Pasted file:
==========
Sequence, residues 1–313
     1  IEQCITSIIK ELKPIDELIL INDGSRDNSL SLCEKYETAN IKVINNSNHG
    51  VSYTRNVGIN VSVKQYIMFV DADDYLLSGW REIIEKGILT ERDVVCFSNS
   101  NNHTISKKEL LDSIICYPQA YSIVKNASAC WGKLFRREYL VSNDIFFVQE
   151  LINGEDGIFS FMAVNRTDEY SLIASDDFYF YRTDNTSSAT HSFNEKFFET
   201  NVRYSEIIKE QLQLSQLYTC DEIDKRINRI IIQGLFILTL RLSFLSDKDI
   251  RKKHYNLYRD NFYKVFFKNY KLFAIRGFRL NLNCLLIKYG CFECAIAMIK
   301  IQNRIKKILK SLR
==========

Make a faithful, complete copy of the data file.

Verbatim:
Sequence, residues 1–313
     1  IEQCITSIIK ELKPIDELIL INDGSRDNSL SLCEKYETAN IKVINNSNHG
    51  VSYTRNVGIN VSVKQYIMFV DADDYLLSGW REIIEKGILT ERDVVCFSNS
   101  NNHTISKKEL LDSIICYPQA YSIVKNASAC WGKLFRREYL VSNDIFFVQE
   151  LINGEDGIFS FMAVNRTDEY SLIASDDFYF YRTDNTSSAT HSFNEKFFET
   201  NVRYSEIIKE QLQLSQLYTC DEIDKRINRI IIQGLFILTL RLSFLSDKDI
   251  RKKHYNLYRD NFYKVFFKNY KLFAIRGFRL NLNCLLIKYG CFECAIAMIK
   301  IQNRIKKILK SLR